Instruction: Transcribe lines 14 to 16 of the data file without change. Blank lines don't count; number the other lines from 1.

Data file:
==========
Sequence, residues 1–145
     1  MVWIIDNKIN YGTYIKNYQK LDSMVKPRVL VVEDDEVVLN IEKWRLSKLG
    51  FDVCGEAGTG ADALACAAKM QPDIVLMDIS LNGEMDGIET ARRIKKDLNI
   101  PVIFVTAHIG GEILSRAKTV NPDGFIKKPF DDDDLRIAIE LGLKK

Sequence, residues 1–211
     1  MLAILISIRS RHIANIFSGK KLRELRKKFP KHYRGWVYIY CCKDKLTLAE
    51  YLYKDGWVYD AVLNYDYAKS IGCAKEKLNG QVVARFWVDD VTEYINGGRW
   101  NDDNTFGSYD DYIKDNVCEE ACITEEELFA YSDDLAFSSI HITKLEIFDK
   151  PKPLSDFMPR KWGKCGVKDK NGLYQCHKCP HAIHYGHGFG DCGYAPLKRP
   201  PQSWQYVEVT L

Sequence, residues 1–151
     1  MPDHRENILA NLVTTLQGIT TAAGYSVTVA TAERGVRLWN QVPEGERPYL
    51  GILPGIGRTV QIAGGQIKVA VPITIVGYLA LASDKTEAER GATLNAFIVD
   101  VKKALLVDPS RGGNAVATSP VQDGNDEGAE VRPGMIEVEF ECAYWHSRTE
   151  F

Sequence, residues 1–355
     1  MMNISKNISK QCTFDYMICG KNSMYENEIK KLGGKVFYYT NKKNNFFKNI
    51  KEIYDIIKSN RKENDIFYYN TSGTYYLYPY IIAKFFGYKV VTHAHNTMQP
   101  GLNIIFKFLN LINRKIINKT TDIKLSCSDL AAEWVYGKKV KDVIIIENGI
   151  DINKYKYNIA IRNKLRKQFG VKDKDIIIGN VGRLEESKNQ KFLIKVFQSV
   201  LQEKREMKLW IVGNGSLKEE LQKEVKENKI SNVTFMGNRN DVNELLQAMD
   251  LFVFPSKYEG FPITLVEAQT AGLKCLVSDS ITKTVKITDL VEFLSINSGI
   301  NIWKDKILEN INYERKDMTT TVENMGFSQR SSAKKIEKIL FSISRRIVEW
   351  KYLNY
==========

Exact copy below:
   101  VKKALLVDPS RGGNAVATSP VQDGNDEGAE VRPGMIEVEF ECAYWHSRTE
   151  F

Sequence, residues 1–355